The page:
29. 29. Test record form <ul><li>The requirement’s identifier </li></ul><ul><ul><li>There should be at least one for each requirement. </li></ul></ul><ul><li>Related requirements </li></ul><ul><ul><li>These should be referenced as the test may also be relevant to these requirements. </li></ul></ul><ul><li>Test description </li></ul><ul><ul><li>A brief description of the test and why this is an objective requirements test. This should include system inputs and corresponding outputs. </li></ul></ul><ul><li>Requirements problems </li></ul><ul><ul><li>A description of problems which made test definition difficult or impossible. </li></ul></ul><ul><li>Comments and recommendations </li></ul><ul><ul><li>These are advice on how to solve requirements problems which have been discovered. </li></ul></ul>
  30. 30. Requirements test form
  31. 31. Hard-to-test requirements <ul><li>System requirements </li></ul><ul><ul><li>Requirements which apply to the system as a whole. In general, these are the most difficult requirements to validate irrespective of the method used as they may be influenced by any of the functional requirements. Tests, which are not executed, cannot test for non-functional system-wide characteristics such as usability. </li></ul></ul><ul><li>Exclusive requirements </li></ul><ul><ul><li>These are requirements which exclude specific behaviour. For example, a requirement may state that system failures must never corrupt the system database. It is not possible to test such a requirement exhaustively. </li></ul></ul><ul><li>Some non-functional requirements </li></ul><ul><ul><li>Some non-functional requirements, such as reliability requirements, can only be tested with a large test set. Designing this test set does not help with requirements validation. </li></ul></ul>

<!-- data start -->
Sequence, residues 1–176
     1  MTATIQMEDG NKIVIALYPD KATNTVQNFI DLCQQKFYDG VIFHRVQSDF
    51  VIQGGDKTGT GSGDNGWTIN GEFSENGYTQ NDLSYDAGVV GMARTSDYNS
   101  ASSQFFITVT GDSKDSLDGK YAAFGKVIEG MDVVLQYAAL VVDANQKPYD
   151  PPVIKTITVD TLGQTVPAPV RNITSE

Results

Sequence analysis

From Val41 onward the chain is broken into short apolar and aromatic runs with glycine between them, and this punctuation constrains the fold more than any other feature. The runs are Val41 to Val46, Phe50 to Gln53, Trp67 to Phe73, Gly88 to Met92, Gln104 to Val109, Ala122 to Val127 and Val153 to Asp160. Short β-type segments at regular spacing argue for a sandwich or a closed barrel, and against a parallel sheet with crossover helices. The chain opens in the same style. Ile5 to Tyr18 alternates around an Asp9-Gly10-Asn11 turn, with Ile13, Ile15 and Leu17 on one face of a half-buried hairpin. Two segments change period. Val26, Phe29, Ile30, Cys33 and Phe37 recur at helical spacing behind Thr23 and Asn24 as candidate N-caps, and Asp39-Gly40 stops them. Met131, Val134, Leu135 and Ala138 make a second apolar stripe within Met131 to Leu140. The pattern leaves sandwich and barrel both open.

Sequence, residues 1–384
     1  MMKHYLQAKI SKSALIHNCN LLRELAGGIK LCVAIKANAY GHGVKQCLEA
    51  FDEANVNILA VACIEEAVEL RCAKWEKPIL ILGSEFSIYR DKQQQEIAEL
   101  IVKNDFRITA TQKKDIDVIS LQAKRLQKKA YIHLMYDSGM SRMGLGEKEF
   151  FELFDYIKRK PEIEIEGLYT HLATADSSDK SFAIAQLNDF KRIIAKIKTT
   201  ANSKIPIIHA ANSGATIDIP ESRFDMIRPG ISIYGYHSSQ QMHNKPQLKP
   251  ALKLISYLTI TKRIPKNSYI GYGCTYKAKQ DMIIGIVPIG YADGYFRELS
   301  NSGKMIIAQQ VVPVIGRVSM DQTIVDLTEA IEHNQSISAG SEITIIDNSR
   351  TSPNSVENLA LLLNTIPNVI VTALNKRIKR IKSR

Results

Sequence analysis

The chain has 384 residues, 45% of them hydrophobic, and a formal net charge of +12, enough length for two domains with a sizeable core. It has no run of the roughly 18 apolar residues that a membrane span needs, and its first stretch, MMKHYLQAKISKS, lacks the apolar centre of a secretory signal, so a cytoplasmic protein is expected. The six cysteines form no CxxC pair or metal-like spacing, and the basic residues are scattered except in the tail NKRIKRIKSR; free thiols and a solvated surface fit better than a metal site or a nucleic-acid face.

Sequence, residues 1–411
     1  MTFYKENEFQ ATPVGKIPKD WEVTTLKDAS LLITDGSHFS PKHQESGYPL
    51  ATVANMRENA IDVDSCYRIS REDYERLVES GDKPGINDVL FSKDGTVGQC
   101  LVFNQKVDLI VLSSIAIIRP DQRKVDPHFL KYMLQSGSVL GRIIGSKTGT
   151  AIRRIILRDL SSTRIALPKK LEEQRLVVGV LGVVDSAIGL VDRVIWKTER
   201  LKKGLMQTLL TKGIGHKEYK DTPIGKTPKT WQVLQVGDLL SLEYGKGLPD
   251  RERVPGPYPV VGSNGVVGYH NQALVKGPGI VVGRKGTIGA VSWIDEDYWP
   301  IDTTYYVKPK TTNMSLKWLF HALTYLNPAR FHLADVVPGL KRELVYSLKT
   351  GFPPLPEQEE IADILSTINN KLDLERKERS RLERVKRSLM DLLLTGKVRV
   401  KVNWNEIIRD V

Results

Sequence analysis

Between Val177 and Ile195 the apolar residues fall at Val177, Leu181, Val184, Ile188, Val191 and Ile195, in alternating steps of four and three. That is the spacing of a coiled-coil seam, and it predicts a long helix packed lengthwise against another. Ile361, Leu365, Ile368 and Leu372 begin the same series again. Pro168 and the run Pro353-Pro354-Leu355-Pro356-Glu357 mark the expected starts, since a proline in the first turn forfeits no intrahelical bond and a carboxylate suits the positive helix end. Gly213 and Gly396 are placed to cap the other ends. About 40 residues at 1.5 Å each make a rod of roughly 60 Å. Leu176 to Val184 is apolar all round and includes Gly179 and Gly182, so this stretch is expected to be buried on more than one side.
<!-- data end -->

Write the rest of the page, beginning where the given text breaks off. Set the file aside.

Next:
32. 32. Key points <ul><li>Requirements validation should focus on checking the final draft of the requirements document for conflicts, omissions and deviations from standards. </li></ul><ul><li>Inputs to the validation process are the requirements document, organisational standards and implicit organisational knowledge. The outputs are a list of requirements problems and agreed actions to address these problems. </li></ul><ul><li>Reviews involve a group of people making a detailed analysis of the requirements. </li></ul><ul><li>Review costs can be reduced by checking the requirements before the review for deviations from organisational standards. These may result from more serious requirements problems. </li></ul>
  33. 33. Key points <ul><li>Checklists of what to look for may be used to drive a requirements review process. </li></ul><ul><li>Prototyping is effective for requirements validation if a prototype has been developed during the requirements elicitation stage. </li></ul><ul><li>Systems models may be validated by paraphrasing them. This means that they are systematically translated into a natural language description. </li></ul><ul><li>Designing tests for requirements can reveal problems with the requirements. If the requirement is unclear, it may be impossible to define a test for it. </li></ul>